Esbjerg, Lars5; Grunert, Klaus G5; Jensen, Birger Boutrup5; Bech-Larsen, Tino5; de Barcellos, Marcia Dutra3; Boztug, Yasemin4
1 Department of Management, Aarhus BSS, Aarhus University2 Department of Management - MAPP - Centre for Research on Value Creation in the Food Sector, Department of Management, Aarhus BSS, Aarhus University3 Federal University of Rio Grande do Sul4 Georg-August-Universität Göttingen5 Department of Management, Aarhus BSS, Aarhus University
An integrative framework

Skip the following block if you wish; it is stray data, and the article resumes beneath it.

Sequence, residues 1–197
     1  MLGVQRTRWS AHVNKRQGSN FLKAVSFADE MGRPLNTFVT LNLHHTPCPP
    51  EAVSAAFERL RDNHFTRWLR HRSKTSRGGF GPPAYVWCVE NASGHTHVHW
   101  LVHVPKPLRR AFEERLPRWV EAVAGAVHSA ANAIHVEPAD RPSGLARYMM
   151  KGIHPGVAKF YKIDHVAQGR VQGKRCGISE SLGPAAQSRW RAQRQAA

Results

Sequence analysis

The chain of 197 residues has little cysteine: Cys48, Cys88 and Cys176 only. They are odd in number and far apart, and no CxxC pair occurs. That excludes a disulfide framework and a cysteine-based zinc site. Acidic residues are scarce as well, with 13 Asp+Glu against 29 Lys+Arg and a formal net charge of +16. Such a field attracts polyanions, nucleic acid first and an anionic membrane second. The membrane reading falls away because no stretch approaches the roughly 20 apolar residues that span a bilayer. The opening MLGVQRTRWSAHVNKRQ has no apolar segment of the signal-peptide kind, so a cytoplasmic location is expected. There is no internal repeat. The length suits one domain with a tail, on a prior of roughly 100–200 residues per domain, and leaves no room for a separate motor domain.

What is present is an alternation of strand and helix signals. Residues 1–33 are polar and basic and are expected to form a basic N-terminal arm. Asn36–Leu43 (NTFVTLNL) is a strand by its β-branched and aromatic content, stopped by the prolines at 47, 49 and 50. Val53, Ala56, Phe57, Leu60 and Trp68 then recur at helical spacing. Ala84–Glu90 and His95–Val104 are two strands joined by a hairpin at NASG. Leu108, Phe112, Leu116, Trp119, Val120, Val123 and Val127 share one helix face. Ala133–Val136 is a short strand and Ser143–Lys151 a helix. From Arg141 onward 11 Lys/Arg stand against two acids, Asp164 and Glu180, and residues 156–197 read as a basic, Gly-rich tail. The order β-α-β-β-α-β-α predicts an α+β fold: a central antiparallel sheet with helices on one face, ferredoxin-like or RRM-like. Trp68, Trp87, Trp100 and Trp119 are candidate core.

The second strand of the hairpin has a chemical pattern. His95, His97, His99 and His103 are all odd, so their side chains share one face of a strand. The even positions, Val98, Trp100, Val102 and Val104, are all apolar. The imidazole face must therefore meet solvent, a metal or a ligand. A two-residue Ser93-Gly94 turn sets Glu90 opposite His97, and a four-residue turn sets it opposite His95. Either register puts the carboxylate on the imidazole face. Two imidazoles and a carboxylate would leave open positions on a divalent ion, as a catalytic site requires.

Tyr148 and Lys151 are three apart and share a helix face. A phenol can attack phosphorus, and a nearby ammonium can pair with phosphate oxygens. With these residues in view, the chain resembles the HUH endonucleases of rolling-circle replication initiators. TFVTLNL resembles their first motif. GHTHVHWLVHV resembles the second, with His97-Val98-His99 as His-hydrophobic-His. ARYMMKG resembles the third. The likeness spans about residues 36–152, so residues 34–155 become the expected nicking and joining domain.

Grocery retailers from Aldi to Wal-Mart strive to satisfy their customers. Grocery shopping is a frequently recurring activity that can provide both utilitarian and hedonic value to customers. Utilitarian value is derived from accomplishing the need that stimulated a particular shopping trip, whereas hedonic value reflects the potential entertainment and emotional worth associated with the shopping trip. Recognising this duality, in addition to enabling customers to satisfy utilitarian needs related to product-acquisition, grocery retailers increasingly try to offer customers pleasurable shopping experiences, even to entertain them. Because there is evidence suggesting even satisfied customers sometimes switch brands and retailers due to boredom, it is important for retailers to continuously engage consumers and stir interest in a given store. Satisfying customers again and again on individual shopping trips is a prerequisite for developing customer loyalty. However, there is surprisingly little research focusing on satisfaction with individual shopping trips. On the contrary, satisfaction is normally conceptualised and studied as an overall evaluation of a given retailer based on all encounters with that retailer. There are relatively few studies of satisfaction within the grocery retail sector. However, because grocery shopping is a frequently recurring activity that is often routine and task-oriented in nature, and thus dominated by utilitarian rather than hedonic concerns, different mechanisms may be at work than in other retail settings such as themed flagship stores, which are visited less regularly and are oriented more towards creating hedonic shopping experiences. This paper develops a conceptual framework for analysing customer satisfaction with individual shopping trip experiences in grocery retailing. The framework makes at least two important contributions to the literature. First, it focuses on customer satisfaction with individual shopping trips whereas previous research and theoretical frameworks have addressed either overall satisfaction with the retailer, service quality or the quality of the products being bought. Second, the framework synthesizes and integrates a number of central concepts from different streams of research into one common framework for analysing shopping trip satisfaction.